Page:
For quality, performance and price, you can't beat the Victorinox Fibrox 8-Inch Chef's Knife (Est. $45). It performs as well or better in professional tests as much pricier chef's knives, but at a price that's less than dinner for one at a nice restaurant. Victorinox has made and supplied knives to the Swiss army since the late 1800's, and, as many reviewers point out, it's a company that knows knives.

The blade of the Victorinox Fibrox is made from rust-resistant, high carbon steel sharpened to 15 degrees, which results in a very thin, very sharp edge. It's reported as easy to keep honed, and to re-sharpen as well. The handle is made of the proprietary "Fibrox," which reviewers describe as a rubbery, grippy texture that is easy to hold securely. The handle shape gets particular praise for comfort, with reviewers saying it just works for almost everyone in spite of its lack of a specific ergonomic design -- a feature that professionals say often backfires on other knives because it limits the fit. However, plenty of experts hate the handle, saying it makes the knife feel cheap and plastic-y.

Still, plenty of others love this knife. At one professional test kitchen the Victorinox Fibrox is still the top pick after an astounding 20 years of testing. There, it slides through tough-skinned squash and easily butchers chickens with a minimum of effort on the cook's part. On the more delicate side, it evenly slices tomatoes and dices onions without crushing. The Victorinox is also a runner up pick as a starter knife and best value knife, respectively, at Reviews.com and Cooking for Engineers.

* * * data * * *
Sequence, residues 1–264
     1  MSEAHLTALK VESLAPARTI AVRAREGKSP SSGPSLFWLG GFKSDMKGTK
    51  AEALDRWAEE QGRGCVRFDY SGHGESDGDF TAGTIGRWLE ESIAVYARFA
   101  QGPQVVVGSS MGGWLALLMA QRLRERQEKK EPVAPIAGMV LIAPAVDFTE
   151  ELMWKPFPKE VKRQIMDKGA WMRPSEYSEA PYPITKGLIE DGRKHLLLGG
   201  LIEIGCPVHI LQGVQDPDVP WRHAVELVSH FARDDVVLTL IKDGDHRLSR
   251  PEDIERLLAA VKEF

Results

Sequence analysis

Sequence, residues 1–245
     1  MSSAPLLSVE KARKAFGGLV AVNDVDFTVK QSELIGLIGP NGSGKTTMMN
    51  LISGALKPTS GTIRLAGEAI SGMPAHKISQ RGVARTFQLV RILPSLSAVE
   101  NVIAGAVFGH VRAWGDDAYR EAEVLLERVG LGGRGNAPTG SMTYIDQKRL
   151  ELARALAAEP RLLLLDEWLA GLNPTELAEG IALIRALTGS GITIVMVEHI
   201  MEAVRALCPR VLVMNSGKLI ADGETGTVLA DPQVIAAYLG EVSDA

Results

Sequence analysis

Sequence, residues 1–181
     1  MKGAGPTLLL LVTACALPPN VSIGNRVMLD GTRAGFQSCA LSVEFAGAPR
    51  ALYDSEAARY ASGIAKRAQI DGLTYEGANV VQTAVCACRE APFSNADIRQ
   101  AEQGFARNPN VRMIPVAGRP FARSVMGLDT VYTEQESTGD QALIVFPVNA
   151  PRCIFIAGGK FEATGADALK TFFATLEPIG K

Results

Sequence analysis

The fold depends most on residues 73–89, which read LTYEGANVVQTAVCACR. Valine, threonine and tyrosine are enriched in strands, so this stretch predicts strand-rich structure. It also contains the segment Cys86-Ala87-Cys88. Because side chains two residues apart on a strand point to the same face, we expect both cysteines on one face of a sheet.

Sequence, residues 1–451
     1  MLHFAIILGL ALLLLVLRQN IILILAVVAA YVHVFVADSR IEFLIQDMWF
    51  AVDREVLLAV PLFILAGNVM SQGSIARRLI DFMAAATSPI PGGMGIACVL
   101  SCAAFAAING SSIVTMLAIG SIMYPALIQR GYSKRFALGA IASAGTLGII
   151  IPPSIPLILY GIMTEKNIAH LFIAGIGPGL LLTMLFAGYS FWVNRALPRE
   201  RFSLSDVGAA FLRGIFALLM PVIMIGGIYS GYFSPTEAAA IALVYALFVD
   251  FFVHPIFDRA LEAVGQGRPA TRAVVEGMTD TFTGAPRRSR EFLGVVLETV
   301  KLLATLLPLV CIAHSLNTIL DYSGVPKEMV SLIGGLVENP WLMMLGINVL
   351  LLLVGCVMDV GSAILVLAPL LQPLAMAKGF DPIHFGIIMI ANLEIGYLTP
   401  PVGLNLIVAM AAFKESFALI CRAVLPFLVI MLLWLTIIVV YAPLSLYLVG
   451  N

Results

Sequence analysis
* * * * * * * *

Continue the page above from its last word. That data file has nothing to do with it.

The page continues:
Quite a few professional chefs weigh in on the Victorinox Fibrox at Amazon, saying that this is the knife they use both at home and at work because it performs as well as pricier knives, but they don't have to worry about losing it, leaving it lying around, or beating the heck out of it since it can be so easily and cheaply replaced. Victorinox is dishwasher safe, although most reviewers don't recommend putting knives in the dishwasher as it can affect their performance. A few again point to the low price, saying they like the convenience of tossing it in the dishwasher even if they have to replace it every year.

It's a bit pricier than the Victorinox, but the J.A. Henckels International Classic 8" Chef's Knife (Est. $50) is also a popular choice in this category. DiGregorio compares it favorably to the Wusthof Classic 8-Inch Chef's Knife in her review and at Epicurious Matt Duckor makes it his top pick after testing it against the Wusthof -- his favorite knife. Both are German knives, so are heftier and possibly better suited to heavier tasks.